Did You Know? Latest Contributions of Esri R&D and ArcGIS to Science

12-13-2017 10:14 PM
Esri Regular Contributor
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In addition to supporting the science community, we seek to do good science at Esri ourselves, as it underpins much of what we stand for as an organization. This is helping us to evolve ArcGIS into a comprehensive geospatial platform FOR science; a platform that supports research project management and collaboration, spatial analysis, visualization, open data, and communication of science, and all at multiple scales (i.e., from individual researcher to lab workgroup, to multi-department, multi-university, university-to-agency collaboration, to citizen engagement). This an exciting time at Esri as things are moving so quickly that it is hard to keep up with all the many pathways of our science initiative.


For instance, DID YOU KNOW, that you could run ArcGIS for free on a supercomputer? Indeed, if you want run something really big (e.g., vector-based geoanalytics, raster analytics, geoevent processing), there IS now a place where you can do this at no cost, and you can run as many ArcGIS processes as you want for free. The place is XSEDE (eXtreme Science and Engineering Discovery Environment), the NSF-funded collection of research supercomputer centers in the US. Their hardware includes supercomputers running special OS and middleware, as well as large windows clusters for cloud configuration, including JetStream, which has over 15,000 cores and 80Tb of RAM. Esri and XSEDE have recently collaborated to set up ArcGIS Enterprise with big data extensions within a Jupyter sandbox where XSEDE users can easily play and get started. For those wanting to run more specific or larger projects, they will also be able to configure and manage their own cluster. For more information about this opportunity, contact Eric Shook at the University of Minnesota, eshook@umn.edu  Professor Shook is GIS domain lead for XSEDE and can help you better understand XSEDE qualification requirements and how to apply for an allocation.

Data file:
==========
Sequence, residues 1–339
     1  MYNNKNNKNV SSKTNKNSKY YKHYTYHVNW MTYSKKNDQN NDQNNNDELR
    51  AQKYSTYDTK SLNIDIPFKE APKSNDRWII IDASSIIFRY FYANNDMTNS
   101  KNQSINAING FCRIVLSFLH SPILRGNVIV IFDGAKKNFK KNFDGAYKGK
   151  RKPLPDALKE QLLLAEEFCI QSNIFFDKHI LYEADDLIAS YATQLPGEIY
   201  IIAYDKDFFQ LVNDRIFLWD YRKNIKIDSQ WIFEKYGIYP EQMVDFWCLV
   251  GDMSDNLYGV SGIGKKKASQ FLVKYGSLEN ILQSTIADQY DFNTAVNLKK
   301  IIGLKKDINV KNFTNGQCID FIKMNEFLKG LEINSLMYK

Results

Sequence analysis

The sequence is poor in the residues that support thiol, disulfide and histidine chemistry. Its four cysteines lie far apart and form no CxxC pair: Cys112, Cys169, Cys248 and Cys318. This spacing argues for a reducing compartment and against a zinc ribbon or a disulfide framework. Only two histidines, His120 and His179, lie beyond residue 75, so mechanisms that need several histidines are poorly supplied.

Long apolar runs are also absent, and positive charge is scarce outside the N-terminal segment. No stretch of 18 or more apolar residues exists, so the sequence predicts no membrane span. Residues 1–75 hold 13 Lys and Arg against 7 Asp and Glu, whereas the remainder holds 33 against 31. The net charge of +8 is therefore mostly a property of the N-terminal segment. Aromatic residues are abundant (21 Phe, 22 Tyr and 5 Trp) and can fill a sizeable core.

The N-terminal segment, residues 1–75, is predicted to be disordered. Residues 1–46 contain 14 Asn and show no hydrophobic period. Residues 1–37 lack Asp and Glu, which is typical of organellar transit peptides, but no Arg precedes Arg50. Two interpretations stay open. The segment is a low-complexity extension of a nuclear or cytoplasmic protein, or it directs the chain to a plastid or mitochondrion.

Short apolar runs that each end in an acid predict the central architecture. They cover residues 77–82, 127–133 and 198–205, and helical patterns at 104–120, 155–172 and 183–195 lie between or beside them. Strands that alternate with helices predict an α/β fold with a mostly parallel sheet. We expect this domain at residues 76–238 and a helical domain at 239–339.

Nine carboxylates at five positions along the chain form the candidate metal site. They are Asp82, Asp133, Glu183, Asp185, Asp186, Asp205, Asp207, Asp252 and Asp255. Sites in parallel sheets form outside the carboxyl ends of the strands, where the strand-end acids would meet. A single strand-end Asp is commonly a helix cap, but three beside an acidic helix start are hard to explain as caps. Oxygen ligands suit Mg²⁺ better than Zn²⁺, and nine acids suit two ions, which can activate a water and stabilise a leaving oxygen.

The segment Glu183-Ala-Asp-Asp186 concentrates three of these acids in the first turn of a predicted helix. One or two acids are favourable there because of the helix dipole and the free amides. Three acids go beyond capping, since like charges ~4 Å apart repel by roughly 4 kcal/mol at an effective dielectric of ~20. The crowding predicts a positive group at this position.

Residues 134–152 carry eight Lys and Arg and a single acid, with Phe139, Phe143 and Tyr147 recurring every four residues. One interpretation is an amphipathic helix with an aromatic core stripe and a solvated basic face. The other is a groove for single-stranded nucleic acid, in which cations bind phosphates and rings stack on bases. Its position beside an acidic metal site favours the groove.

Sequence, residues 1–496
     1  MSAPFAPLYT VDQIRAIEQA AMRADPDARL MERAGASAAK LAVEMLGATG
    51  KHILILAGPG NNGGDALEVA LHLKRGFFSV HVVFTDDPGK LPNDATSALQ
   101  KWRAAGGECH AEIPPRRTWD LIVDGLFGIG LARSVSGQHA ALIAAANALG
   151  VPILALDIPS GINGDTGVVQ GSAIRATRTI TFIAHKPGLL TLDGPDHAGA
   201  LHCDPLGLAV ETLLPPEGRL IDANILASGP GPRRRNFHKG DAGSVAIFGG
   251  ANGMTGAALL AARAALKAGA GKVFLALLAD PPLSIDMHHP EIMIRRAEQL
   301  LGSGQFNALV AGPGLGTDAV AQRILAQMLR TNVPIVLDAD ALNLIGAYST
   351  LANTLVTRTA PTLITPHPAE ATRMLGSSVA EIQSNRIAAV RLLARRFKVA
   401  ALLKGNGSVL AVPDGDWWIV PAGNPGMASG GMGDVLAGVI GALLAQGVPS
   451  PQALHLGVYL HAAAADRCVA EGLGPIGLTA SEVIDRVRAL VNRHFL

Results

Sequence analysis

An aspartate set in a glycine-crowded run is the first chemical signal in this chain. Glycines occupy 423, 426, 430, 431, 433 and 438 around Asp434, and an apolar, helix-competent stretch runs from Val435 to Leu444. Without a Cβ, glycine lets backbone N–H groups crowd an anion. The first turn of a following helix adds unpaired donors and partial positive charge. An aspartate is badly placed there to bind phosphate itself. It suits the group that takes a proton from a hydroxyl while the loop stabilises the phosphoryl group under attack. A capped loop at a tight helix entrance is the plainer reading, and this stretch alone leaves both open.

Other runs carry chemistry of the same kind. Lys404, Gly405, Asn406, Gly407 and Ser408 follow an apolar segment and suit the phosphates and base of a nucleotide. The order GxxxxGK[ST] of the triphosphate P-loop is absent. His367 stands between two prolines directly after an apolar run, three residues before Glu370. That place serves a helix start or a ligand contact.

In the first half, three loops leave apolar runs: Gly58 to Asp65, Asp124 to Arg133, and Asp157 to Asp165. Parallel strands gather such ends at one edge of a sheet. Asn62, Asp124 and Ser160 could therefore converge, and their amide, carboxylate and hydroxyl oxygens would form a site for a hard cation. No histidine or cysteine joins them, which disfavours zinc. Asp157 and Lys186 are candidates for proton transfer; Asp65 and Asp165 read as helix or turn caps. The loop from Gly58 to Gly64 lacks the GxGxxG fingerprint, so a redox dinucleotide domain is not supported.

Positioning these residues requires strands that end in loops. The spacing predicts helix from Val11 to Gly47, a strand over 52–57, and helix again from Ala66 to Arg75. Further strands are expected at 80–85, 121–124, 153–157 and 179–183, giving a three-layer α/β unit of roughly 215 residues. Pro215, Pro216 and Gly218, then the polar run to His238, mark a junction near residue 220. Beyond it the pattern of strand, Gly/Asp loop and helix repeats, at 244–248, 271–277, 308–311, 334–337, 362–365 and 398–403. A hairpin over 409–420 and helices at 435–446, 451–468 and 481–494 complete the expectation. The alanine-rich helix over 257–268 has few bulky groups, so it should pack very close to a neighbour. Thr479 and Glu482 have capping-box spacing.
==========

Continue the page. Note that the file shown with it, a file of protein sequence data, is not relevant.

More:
See also this Overview of Esri Cloud and Big Data Spatial Analytics Offerings Available to XSEDE.

DID YOU KNOW that ArcGIS now supports planetary science? We now provide support the Planetary Data System Version 3 Format and the ISIS Data Cube format.  We also support the coordinate systems for all planets, known named satellites, and dwarf planets in our solar system. This includes the Mars 2000 Sphere, which is critical for the Mars Rovers. Both ArcGIS Desktop and Server tier tools work for these other bodies, just as they do for Earth.

      This March we upgraded our Javascript 3.x API so that the measure widget in the Portal/ArcGIS  map viewer respects the correct planetary coordinate system and planetary body size. That team continues to evolve this for the 4.x API for 3D as well. Our Runtime Core Geometry Engines do not support Planetary Coordinate Systems yet, but we are working toward enhancing them in 2018 to do so. In addition, in next week’s Runtime Update 2, the Local Server will be based off of the 10.5.1 code base and support analysis on the Local Server and Map Packages in all Planetary, Satellite, and Dwarf Planet Coordinate Systems.  

There is now a publicly-shared Planetary Sciences Group with example web maps and story maps within the new Sciences Portal on ArcGIS . See also To Infinity and Beyond: ArcGIS Now Supports Extraterrestrial Mapping.

DID YOU KNOW that Esri is getting better all the time at fully supporting data in 3D, including LiDAR data? This includes our improved support for vertical aerial LiDAR curtain data in KML.  We are also working toward supporting multidimensional data in vertical curtain form, aka L2 or 3d fence or Swath. See our 3D fences tool in action in this video and this story map, with a full write up and examples in this ArcUser article, and with code that is also available on ArcGIS Code Sharing. In fact, DID YOU KNOW that there IS such a site as ArcGIS Code Sharing now?!